Wednesday, 10 February 2010

Product review - The Qu Chi Band

Qu Chi Band

Drug-free hayfever relief – and more!

OK, this sounds like a designer accessory for a baby, but it’s something completely different.

Remember the acupressure wrist band for travel sickness? Well, this is a band for hayfever and more. Designed by a leading acupuncturist, it’s clinically proven to help allergic rhinitis, sinus, skin and eye problems, headaches, tiredness, lack of concentration…and pain in the elbow and shoulder. For those acupressure aficionados/as the point concerned lies on the large intestine meridian and acts to draw energy away from the face.

When I was given the option to try one of these stylish bands, I jumped at the chance. Although I don’t suffer from hayfever myself, two in our household do, so an opportunity to test it out and silence the sneezing seemed to good to miss…

However, so far, it’s just a friend and I who have used it, though. Why?

I nabbed one to wear overnight as I’ve been plagued for years with a painful shoulder, which usually wakes me, and I gave the other to a friend who has M.E. as well as hayfever. The following day I got an excited text from her – she’d not taken her hayfever med’s that day, and had managed to walk thro’ a new-mown meadow without so much as a sneeze. She also added that it helped stop snoring. She didn’t say who the culprit was…

The band stayed put while I slept, and I had a fairly comfortable night, but the point felt slightly tender the next morning - like I’d just had a blood test.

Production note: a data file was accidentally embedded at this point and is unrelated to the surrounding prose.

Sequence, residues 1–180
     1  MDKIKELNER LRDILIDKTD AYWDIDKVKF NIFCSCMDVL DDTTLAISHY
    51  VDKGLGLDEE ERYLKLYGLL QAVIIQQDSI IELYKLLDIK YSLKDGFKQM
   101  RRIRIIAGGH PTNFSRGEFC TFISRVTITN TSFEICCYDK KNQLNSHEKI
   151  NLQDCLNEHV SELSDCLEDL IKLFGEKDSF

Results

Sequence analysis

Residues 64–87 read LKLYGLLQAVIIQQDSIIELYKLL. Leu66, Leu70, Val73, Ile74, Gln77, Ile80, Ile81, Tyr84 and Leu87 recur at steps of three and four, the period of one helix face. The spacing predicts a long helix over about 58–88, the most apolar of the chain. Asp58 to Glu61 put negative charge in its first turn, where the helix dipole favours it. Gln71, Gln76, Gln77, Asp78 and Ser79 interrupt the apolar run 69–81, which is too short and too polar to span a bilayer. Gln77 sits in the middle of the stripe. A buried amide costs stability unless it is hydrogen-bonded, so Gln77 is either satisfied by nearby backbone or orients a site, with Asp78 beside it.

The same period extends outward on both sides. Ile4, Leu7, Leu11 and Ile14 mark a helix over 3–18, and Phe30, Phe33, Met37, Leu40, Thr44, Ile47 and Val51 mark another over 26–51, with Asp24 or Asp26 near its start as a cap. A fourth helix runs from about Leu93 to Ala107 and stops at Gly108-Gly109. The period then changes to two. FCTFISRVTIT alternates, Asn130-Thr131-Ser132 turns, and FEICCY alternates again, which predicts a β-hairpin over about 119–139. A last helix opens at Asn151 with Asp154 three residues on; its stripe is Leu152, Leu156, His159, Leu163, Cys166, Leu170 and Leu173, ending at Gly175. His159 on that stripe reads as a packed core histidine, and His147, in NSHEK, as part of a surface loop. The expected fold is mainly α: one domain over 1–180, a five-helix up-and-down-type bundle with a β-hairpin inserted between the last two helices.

The Qu Chi point became more painful after a couple of wears and by the third night I was unable to wear it. It was too small for either sneezing son or hayfever-ridden hubby so we don’t know if it would have worked on them.

I also felt that the instructions – at least the diagram – could have been clearer, and it isn’t stated how long to wear it for. So far it only comes in two colours – beige and pink – and two sizes (beige is bigger).

I put these concerns to the company, and they told me that the band will stretch and be more comfortable after a few wears. It can be left around something larger to stretch it, too. The manufacturers are planning to release a larger size as well as one for children. It can be worn for as long as required – if this means 24 hours at a stretch then that’s OK. It’s washable, and can be worn when swimming.

What about finding the right point? Easy-peasy, say the makers – simply put the band on as the picture suggests, and if relief is not fairly immediate, then move it slightly until you see a difference.

All in all a brilliant concept, and certainly worth a try for a drug-free solution to hayfever. I don’t intend to part with mine, and will certainly be giving it another go.

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